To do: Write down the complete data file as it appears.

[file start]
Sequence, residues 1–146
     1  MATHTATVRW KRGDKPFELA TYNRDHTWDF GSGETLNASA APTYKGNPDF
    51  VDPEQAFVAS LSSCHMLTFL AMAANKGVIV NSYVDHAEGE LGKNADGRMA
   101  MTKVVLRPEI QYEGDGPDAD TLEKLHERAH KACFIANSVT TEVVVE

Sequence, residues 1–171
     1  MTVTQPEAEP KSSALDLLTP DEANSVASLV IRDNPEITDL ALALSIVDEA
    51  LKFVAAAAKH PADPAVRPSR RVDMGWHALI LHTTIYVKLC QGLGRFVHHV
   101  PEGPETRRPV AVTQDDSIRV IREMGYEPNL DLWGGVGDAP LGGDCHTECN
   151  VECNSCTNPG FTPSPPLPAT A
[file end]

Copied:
Sequence, residues 1–146
     1  MATHTATVRW KRGDKPFELA TYNRDHTWDF GSGETLNASA APTYKGNPDF
    51  VDPEQAFVAS LSSCHMLTFL AMAANKGVIV NSYVDHAEGE LGKNADGRMA
   101  MTKVVLRPEI QYEGDGPDAD TLEKLHERAH KACFIANSVT TEVVVE

Sequence, residues 1–171
     1  MTVTQPEAEP KSSALDLLTP DEANSVASLV IRDNPEITDL ALALSIVDEA
    51  LKFVAAAAKH PADPAVRPSR RVDMGWHALI LHTTIYVKLC QGLGRFVHHV
   101  PEGPETRRPV AVTQDDSIRV IREMGYEPNL DLWGGVGDAP LGGDCHTECN
   151  VECNSCTNPG FTPSPPLPAT A